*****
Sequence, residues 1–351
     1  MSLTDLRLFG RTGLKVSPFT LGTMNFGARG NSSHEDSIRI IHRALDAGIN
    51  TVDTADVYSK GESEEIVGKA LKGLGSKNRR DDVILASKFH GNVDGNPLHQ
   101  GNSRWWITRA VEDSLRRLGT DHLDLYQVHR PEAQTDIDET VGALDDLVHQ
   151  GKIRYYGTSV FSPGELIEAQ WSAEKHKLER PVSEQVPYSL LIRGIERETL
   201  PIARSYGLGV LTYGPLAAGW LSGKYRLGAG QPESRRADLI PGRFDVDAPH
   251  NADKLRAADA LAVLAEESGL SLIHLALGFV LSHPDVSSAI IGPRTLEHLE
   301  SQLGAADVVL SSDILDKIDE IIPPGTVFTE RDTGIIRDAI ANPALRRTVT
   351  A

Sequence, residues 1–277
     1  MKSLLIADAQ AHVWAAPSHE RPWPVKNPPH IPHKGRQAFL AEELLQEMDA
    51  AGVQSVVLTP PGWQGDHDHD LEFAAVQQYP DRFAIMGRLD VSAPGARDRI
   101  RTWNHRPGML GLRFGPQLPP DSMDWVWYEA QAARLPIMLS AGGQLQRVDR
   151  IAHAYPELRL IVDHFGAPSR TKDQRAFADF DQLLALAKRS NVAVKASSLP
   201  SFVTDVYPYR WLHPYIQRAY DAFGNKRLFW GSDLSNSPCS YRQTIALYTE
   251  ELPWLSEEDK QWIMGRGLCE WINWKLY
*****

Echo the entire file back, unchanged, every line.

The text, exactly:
Sequence, residues 1–351
     1  MSLTDLRLFG RTGLKVSPFT LGTMNFGARG NSSHEDSIRI IHRALDAGIN
    51  TVDTADVYSK GESEEIVGKA LKGLGSKNRR DDVILASKFH GNVDGNPLHQ
   101  GNSRWWITRA VEDSLRRLGT DHLDLYQVHR PEAQTDIDET VGALDDLVHQ
   151  GKIRYYGTSV FSPGELIEAQ WSAEKHKLER PVSEQVPYSL LIRGIERETL
   201  PIARSYGLGV LTYGPLAAGW LSGKYRLGAG QPESRRADLI PGRFDVDAPH
   251  NADKLRAADA LAVLAEESGL SLIHLALGFV LSHPDVSSAI IGPRTLEHLE
   301  SQLGAADVVL SSDILDKIDE IIPPGTVFTE RDTGIIRDAI ANPALRRTVT
   351  A

Sequence, residues 1–277
     1  MKSLLIADAQ AHVWAAPSHE RPWPVKNPPH IPHKGRQAFL AEELLQEMDA
    51  AGVQSVVLTP PGWQGDHDHD LEFAAVQQYP DRFAIMGRLD VSAPGARDRI
   101  RTWNHRPGML GLRFGPQLPP DSMDWVWYEA QAARLPIMLS AGGQLQRVDR
   151  IAHAYPELRL IVDHFGAPSR TKDQRAFADF DQLLALAKRS NVAVKASSLP
   201  SFVTDVYPYR WLHPYIQRAY DAFGNKRLFW GSDLSNSPCS YRQTIALYTE
   251  ELPWLSEEDK QWIMGRGLCE WINWKLY